You choose, we deliver
If you are interested in this story, you might be interested in others from The Journal Gazette. Go to www.journalgazette.net/newsletter and pick the subjects you care most about. We'll deliver your customized daily news report at 3 a.m. Fort Wayne time, right to your email.

World

  • US military attacks al-Shabab in Somalia
    U.S. military forces attacked the extremist al-Shabab network in Somalia Monday, the Pentagon said, and a witness described ground-shaking explosions in a strike that reportedly targeted the group’s leader.
  • Group accuses extremists of war crimes in Iraq
    An international rights group accused the extremist Islamic State group on Tuesday of carrying out a systematic campaign of “ethnic cleansing” in northern Iraq that includes mass killings, abductions and other war crimes.
  • Clashes between Islamists, rivals in Libya kill 31
    Fierce clashes between Libyan Islamist militiamen and rival forces loyal to a renegade general have killed 31 fighters on both sides, a Libyan security official said Tuesday.
Advertisement
Also
Syrian rebels get French aid
PARIS – France has started providing direct aid and money to five rebel-held Syrian cities as it intensifies efforts to weaken President Bashar Assad, in the first such move by a Western power, a diplomatic source said Wednesday.
Amid mounting calls for the international community to do more to prevent bloodshed, France – Syria’s onetime colonial ruler – has pushed to secure “liberated zones” in Syria. It has increased its contacts with armed opposition groups and started giving aid Friday to local citizens’ councils in five cities outside the government’s control, the diplomatic source said.
The aid is notably helping restore water supplies, bakeries and schools affected by Syria’s civil war, with the aim of helping rebel-held areas run themselves, the diplomatic official said. He spoke on condition of anonymity because of the sensitivity of the French actions amid Syria’s violence.
Associated Press
Syrian residents throw buckets of water on a bombed-out building Tuesday in Aleppo, Syria.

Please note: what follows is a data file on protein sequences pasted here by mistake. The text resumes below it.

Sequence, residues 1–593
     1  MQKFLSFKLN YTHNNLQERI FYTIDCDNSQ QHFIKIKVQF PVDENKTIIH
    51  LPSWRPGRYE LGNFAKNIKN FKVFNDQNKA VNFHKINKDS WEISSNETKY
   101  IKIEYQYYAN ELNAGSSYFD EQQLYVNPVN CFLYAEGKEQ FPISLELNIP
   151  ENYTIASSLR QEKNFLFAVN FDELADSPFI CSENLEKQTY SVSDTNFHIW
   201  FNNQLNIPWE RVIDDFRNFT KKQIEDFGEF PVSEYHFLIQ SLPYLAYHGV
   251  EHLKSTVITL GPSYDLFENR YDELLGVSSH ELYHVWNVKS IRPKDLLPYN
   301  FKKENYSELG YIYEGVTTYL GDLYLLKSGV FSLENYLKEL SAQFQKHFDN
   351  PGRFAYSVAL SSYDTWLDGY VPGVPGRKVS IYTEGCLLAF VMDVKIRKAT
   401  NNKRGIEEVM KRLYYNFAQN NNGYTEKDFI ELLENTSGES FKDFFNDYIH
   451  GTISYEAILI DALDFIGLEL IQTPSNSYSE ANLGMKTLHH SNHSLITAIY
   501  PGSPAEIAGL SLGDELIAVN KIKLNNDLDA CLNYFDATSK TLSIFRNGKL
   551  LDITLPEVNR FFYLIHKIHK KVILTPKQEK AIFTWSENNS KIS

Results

Syria accused of state terror

Turks cite toll; Iran linked to supply flights

– Turkey accused Syria of “state terrorism” Wednesday after a sharp spike in the death toll from the Syrian civil war, and Iran came under new scrutiny with the U.S. alleging that Tehran is flying weapons to President Bashar Assad’s regime across Iraqi airspace.

With violence escalating in the nearly 18-month-old crisis, strains rippled across the region as Egypt’s president urged Assad to take a lesson from the Arab Spring uprisings that deposed other leaders and step down.

There appears to be no end in sight for the conflict, however. Neither side seems to be able to gain a significant advantage in the fighting that has killed 23,000 people, according to activists’ estimates.

Turkey has become one of the strongest critics of Assad and is host to Syrian opposition groups as well as about 80,000 of the more than 200,000 refugees who have fled to surrounding countries to escape the bloodshed.

“The regime has become one of state terrorism,” Turkish Prime Minister Recep Tayyip Erdogan said. “Syria is going through a huge humanitarian saga. Unfortunately, as usual, the international community is merely watching the slaughter, massacre and the elimination of Muslims.”

The Syrian government’s crackdown has led to worldwide condemnation and sanctions, weakened the economy and left Assad an international pariah just as he was trying to open up his country and modernize the economy. His few remaining allies include Iran, Russia and China.

The New York Times reported that U.S. officials believe Iran resumed shipments of military equipment to Syria via Iraqi airspace in July after a three-month hiatus.

Ali al-Moussawi, media adviser to Iraqi Prime Minister Nouri al-Maliki, confirmed that Iranian planes are flying over Iraq to deliver goods to Syria. But he said Tehran has assured al-Maliki that the flights are carrying only food and other humanitarian aid for victims of the civil war.

“The Iraqi government is carefully monitoring this issue both in the sky and ground,” al-Moussawi told The Associated Press. He said Iraq has warned Iran against flying weapons though its airspace.

“The Iranian government has said that it respects our decisions,” he said. “Until now, there is no evidence of any violation in this regard, and if anyone has any evidence, they should bring it to us and we will take the needed measures.”

Sen. Joe Lieberman, I-Conn., said Iraq’s failure to stop the flights could threaten the long-term relationship with the U.S. as well as aid Iraq could receive as part of a 2008 strategic pact between the two nations.

Tommy Vietor, the National Security Council spokesman at the White House, said Tehran “will stop at nothing to support a Syrian regime that is murdering its own people,” adding that Iraq, like all other nations, must block Iran from exporting arms.

Advertisement